Saturday, 29 September 2012

Collected poems of Gillian Clarke

I first read this book years ago and recently re-read it slowly over a couple of months. Gillian Clarke is one of the best known and best loved poets of Wales. Being her Collected Poems this book brings together a diverse selection of poems, including Cofiant - a long family biography in verse form, following an old Welsh tradition of such poems and a series of poems The King of Britain's daughter about a historical princess of Wales.

Clarke is a poet who clearly lives in nature and her descriptions are beautiful:

Dusk unwinds its spool
among the stems of plum trees
subliminal messenger
on the screen of evening

(from Pipstrelle)

She has the ability to transport the reader right there, to the farm field, to the derelict mine, to the shoreline.

It's interesting too, to notice how the poetry changes through the selections. I'm not enough of a literary critic to draw out the stylistic differences without more learned people disagreeing with me, so I'll say no more, but if you read the book you'll probably realise what I mean. (I have to admit, too, that on a personal level, I found some of her line-breaks in the early poems really distracting and annoying). 

This is a collection that is worth savouring and reading several times.

The sea writes on the sand
in a scribble of weed and gull bones.

(from The King of Britain's Daughter)


Collected Poems of Gillian Clarke, published by Carcanet

As ever, red text contains hyperlinks that take you to other pages, where you can find out more.

Friday, 28 September 2012

If You Go Down to the Woods Today....

Autumn is a wonderful time to visit the woods, all those wonderful colours as the leaves turn..... It won't surprise many of you that my favourite woods to wander through in Autumn are the Colinton and Craiglockart Dells along the Water of Leith. But Edinburgh has several other lovely areas of woodland including Hermitage of Braid and Corstorphine Hill.

If you're in the UK, you can find your nearest woodland from the Woodland Trust's Visit Woods website. You can find out how you can get involved more here.

The Woodland Trust are also interested in the plants and animals you see when you're out and about in the woods. You can find out how to help them record our woodland wildlife here.

You may have read recently that the UK's ash trees may be at threat from Chalara dieback disease. According to the Woodland Trust, this disease could be as devastating as Dutch Elm disease was. The Trust has agreed not to import ash trees, to avoid bringing the disease into the country. Ash trees are one of our commonest woodland trees and if they are severely affected by disease then potentially our woodland landscapes could be significantly damaged. This disease joins many other diseases including sudden oak death and horse chestnut bleeding canker as threats to our woodlands.

So, join the Woodland Trust in campaigning to protect our woods, but also, get out there and enjoy them while we still can!

As ever, red text contains hyper-links that take you to other web-pages where you can find out more.

Thursday, 27 September 2012

Saving the Frogs One Poem at a Time!

SAVE THE FROGS! has announced the international Frog Poetry contest, with prizes including the chance to have your poems published in a book they will sell to raise funds for their amphibian conservation projects. The competition aims to raise awareness of the mass extinction of amphibians that is currently taking place worldwide. Please spread the word to any poets you know and if you're a teacher, this would be a wonderful project to get your students interested in poetry and frog conservation.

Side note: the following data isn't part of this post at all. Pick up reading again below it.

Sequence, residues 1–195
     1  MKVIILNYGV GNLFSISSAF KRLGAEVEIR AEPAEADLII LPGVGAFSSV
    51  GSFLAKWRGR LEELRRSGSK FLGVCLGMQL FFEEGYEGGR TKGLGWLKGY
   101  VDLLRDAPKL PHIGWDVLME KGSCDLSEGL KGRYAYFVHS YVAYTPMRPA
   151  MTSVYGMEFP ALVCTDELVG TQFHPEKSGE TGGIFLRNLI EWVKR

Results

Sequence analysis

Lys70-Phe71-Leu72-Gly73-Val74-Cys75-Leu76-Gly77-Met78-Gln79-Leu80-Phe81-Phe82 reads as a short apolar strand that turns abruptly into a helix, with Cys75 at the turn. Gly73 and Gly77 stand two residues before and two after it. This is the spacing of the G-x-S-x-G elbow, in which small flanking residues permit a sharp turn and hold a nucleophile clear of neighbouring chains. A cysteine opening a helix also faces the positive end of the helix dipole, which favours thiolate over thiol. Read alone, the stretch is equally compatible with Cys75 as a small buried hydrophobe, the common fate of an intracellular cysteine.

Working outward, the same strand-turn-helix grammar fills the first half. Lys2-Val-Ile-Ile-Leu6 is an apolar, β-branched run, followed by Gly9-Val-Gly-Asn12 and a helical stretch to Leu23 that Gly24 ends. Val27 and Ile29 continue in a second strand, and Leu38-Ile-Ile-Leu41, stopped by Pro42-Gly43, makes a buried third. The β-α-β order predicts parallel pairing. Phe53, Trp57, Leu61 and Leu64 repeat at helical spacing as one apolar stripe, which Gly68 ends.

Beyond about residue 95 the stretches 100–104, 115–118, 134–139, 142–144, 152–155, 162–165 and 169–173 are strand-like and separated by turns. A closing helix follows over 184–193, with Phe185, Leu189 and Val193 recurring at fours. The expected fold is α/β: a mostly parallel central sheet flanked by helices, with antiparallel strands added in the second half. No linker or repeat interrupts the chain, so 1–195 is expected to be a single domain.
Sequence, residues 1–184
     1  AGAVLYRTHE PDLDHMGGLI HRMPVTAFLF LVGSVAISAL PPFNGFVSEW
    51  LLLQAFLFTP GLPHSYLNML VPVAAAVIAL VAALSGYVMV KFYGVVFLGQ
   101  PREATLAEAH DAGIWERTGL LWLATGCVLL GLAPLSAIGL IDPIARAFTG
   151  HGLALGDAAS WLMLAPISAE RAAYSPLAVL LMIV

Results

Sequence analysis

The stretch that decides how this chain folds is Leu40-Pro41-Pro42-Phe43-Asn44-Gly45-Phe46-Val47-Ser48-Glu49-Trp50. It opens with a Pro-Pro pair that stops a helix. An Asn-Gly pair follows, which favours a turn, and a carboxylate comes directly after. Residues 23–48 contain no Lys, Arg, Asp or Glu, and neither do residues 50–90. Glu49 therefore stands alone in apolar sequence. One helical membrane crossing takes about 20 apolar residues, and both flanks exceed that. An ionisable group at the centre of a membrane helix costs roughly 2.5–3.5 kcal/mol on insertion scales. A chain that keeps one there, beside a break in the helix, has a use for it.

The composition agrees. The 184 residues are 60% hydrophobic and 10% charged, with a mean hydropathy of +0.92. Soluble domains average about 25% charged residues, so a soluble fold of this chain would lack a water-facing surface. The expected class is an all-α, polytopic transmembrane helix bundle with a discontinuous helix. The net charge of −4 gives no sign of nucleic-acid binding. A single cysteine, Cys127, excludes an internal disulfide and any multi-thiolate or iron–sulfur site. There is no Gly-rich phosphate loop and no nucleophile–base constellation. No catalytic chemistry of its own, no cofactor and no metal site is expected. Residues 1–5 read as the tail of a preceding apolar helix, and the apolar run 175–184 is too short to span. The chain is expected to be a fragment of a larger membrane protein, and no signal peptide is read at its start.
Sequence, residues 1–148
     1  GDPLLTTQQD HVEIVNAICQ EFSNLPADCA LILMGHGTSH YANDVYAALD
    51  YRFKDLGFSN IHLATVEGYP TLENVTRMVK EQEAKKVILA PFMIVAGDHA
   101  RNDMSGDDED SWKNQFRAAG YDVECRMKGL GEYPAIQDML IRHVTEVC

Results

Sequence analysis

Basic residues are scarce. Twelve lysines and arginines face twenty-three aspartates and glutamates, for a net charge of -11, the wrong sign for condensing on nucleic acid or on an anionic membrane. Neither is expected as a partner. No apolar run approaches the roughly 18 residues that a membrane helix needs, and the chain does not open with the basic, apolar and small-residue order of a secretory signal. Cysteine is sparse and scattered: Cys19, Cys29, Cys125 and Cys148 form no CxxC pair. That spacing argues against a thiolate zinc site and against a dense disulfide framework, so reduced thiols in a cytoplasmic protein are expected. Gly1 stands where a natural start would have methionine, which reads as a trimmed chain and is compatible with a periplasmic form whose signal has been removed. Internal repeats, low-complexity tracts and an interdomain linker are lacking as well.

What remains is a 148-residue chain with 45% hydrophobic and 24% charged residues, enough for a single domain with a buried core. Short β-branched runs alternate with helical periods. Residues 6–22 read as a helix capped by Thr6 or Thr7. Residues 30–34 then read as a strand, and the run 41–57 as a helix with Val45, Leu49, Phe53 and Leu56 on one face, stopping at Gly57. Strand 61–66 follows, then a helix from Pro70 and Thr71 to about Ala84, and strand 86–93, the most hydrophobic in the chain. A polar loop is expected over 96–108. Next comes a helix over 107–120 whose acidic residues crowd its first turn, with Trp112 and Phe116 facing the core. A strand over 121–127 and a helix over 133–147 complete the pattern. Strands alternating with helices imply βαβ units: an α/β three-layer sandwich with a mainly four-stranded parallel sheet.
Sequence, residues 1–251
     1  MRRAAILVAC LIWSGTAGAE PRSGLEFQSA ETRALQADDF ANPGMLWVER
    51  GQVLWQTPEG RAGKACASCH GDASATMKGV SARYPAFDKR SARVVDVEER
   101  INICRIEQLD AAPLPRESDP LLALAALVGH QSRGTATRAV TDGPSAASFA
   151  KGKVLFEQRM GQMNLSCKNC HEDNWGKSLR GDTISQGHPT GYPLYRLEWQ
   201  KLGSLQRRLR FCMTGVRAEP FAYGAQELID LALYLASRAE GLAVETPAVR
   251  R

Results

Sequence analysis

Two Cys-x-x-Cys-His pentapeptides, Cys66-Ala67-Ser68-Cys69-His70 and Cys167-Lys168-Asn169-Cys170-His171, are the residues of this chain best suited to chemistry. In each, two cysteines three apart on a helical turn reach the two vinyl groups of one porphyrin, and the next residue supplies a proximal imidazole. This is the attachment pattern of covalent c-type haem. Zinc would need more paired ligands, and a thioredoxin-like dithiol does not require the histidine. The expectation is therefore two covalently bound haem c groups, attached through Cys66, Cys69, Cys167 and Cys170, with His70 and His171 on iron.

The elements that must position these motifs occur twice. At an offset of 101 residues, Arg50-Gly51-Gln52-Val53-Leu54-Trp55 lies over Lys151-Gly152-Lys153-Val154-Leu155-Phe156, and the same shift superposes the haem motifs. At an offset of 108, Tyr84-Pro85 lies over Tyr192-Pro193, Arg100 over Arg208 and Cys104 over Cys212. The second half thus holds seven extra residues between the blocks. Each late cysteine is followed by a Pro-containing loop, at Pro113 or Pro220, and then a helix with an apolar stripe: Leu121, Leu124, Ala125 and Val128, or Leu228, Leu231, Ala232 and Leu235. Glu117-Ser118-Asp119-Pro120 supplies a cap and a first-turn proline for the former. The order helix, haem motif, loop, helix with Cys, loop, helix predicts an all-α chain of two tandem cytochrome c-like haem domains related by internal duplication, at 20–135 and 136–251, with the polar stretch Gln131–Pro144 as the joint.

**

Meanwhile I'm delighted that Hila interviewed me on her blog The Sill of the World. You can read the interview here

As ever, red text includes hyperlinks that take you to other webpages where you can find out more!

Wednesday, 26 September 2012

Bunnies in Fiction - an update

Some of you (specially those of you with bunnies!) may remember this competition a while ago where I invited you to nominate your bunny or bunnies to feature in a short story and novel. Well, as announced in this post, Humphrey, the rabbit of Cottontails Baby won the prize of appearing in my short story. I've now sent this story off to seek a magazine or similar that might publish it (as well as sending a copy to Humphrey for his approval). You can read Humphrey's thoughts about the story here.

I think I've chosen the winner(s) for the novel too, but I'll wait just a little longer before finally choosing (the delay is due to the novel being quite difficult at the moment. I'm happy with the start of it, but am now a bit stuck. Hopefully I'll get properly moving on it again soon). Anyway, even though I think I've got a winner (or winners) please, if you want your bunny to be a star this is the absolute last call for entries to this competition. So if your bunny would like to enter and hasn't already done so, please read this post and answer the questions there.

The novel and short story are both set in a future independent (and much flooded) Scotland. The main characters in the stories are human but the bunnies are very important too! The stories are not children's stories, but are speculative fiction (not quite scientific or tech-based enough to be really science fiction).

And for the bunnies who I don't choose, never fear, there may be the chance to be characters in a series of children's stories I'm writing. The first of these (which I wrote long before I thought of the competition) has been accepted for publication and should be appearing online soon (of course as soon as it does I'll link to it from this blog!).I don't know how many more stories I'll write in this series, but it could be a few!

As ever, red text contains hyper-links that take you to other websites where you can find out more!

Tuesday, 25 September 2012

Sea Otter Awareness